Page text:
The Canon ZR1000 Remote Zoom Controller
an article by Don Palomaki

Here's a report on the Canon ZR1000. Canon probably calls it the ZR1000 because it is about ten times larger than the older ZR100 produced for the Canon L1 and L2 several years ago.

In summary, it's is a very useful accessory for folks who use a tripod with the XL1. I am satisfied with it, and while I have not personally used the VariZoom model for the XL1 (and therefore can't compare the two), the ZR1000 provides a lower cost alternative for users on a budget. I am pleased with it.

Canon ZR1000 LANC Controller

The unit is black, about 1.5" x 2.25" x 4.75", weighs 3.5 ounces and is equipped with a 12" cord. It connects to the camcorder via the LANC connector, is powered by the camcorder, and can be mounted on tripod handles with diameter ranging from 1/4" to 3/4" via a clamp on the back of the controller. There is a rubber gripping surface in the clamp to prevent slipping and rotation. The screws used to hold the clamp have 3/8" x 3/16" knurled heads and coin-sized slots, so it is possible to finger tighten them or use a coin. It also has a finger grove molded in the back to facilitate using it hand held rather than mounted on a tripod handle.

I tested it using a Bogen 3063 head. The cord is long enough to reach the XL1 LANC jack with the handle in fore or aft, left or right positions. To use it at greater distance, you will have to obtain an extension cord. Note that LANC uses 2.5 mm sub-mini stereo phone jacks. They are NOT the same as used on most stereo earphones, and are a bit harder to find. Mono cables will NOT work, the connection is stereo only. Do not attempt to use mono cables in this connection.

Controls include: standby, on-screen, focus, rec search, start/stop, zoom rocker, and a zoom speed dial. Starting from the tripod handle end, the controls are:

  • Zoom rocker (rocks wide-left/tele-right).
  • Start/Stop.
  • On screen to the left with standby above it.
  • Focus in center with "near" closest to the zoom rocker, Rec Search to the right.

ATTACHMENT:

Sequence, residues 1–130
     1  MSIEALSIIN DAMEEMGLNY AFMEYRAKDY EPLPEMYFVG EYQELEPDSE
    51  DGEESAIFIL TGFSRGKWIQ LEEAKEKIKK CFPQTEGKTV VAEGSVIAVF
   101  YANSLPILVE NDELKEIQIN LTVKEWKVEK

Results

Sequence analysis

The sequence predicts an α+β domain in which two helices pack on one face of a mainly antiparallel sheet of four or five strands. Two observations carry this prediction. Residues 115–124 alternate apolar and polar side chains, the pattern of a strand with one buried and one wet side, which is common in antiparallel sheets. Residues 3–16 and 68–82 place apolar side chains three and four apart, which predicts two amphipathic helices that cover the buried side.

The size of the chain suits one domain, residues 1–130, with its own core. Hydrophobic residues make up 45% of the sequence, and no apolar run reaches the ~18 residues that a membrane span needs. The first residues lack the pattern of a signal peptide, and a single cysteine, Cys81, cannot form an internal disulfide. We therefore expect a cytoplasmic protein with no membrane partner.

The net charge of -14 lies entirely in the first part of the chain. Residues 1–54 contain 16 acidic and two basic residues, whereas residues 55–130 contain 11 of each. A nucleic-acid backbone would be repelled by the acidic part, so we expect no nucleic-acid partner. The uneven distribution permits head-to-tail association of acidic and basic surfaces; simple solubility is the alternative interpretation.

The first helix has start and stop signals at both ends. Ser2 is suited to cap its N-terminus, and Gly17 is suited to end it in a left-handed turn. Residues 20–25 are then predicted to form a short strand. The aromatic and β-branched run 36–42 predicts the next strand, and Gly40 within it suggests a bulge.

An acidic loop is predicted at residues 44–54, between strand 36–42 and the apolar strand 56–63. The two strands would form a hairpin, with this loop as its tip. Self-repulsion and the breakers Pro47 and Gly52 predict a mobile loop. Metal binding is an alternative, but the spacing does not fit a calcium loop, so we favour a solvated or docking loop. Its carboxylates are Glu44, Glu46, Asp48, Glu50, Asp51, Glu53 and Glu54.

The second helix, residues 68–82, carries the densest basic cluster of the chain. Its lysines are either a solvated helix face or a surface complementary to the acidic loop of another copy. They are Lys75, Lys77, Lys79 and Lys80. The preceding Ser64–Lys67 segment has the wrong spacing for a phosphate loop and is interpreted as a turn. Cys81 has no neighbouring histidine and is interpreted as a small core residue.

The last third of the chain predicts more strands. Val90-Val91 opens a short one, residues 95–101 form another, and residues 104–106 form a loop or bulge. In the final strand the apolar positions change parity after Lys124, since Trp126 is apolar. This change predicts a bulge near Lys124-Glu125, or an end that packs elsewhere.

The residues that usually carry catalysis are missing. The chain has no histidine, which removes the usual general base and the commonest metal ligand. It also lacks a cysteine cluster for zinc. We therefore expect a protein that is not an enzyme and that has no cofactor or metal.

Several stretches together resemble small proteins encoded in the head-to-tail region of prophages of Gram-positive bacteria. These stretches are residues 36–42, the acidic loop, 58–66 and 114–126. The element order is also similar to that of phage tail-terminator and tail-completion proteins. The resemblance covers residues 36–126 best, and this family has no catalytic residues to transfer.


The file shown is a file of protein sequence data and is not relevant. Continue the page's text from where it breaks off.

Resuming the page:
• The zoom speed dial.

The zoom speed dial selects one of 5 fixed zoom speeds, or a variable speed. There is push button in the center of the zoom speed dial that must be pressed to turn the zoom speed from variable to the fixed speed settings. It need not be pressed to select among the fixed speed settings or to return to the variable speed position. Zoom in or out is activated by pressing on the zoom rocker switch. In variable mode, the zoom speed is based on pressure placed on the rocker.

The zoom speed are as follows, indicated in the approximate time (in seconds) required to zoom from full wide to full zoom or full zoom to full wide:

Speed Time (sec)
1 60
2 15
3 10
4 6
5 4

In the variable position, the slowest position is 60 seconds and the fastest speed is 2 seconds. I did not measure the in-between positions.

Pressing the focus button moves moves the point of focus in the near or far direction. It takes about 25 seconds to move from the extremes. It works in manual mode, or if you are in an AF mode it provides a momentary override on auto focus. When you release the button, AF does its thing. I suspect that this maybe helpful if AF is having difficulty getting an initial lock on a target.

The Standby button operates as expected. It puts the camcorder into or out of standby mode. The Rec Search functions as expected. I found that a very brief (momentary) press will move the tape forward by about 6 frames, or back by about 28 frames. The Start/Stop functions as a record pause/unpause and also worked as expected.

The case is black plastic with white lettering, but it has metal inserts for the clamp screws.

The zoom rocker and start/stop button are the same size as used on the XL1. The Standby button has a slight raised edge around it to make it more difficult to accidentally press it. The buttons are about the same size as the corresponding buttons on the XL1.

I've tried it on a Canon L2, but only the Start/Stop, Rec search, and On-screen buttons ar active when used with the L2. I have tried it with the Canon GL1 and it works as expected, although the zoom times are a bit different.

The instruction sheet is printed in 5 languages. Street price is under $200.


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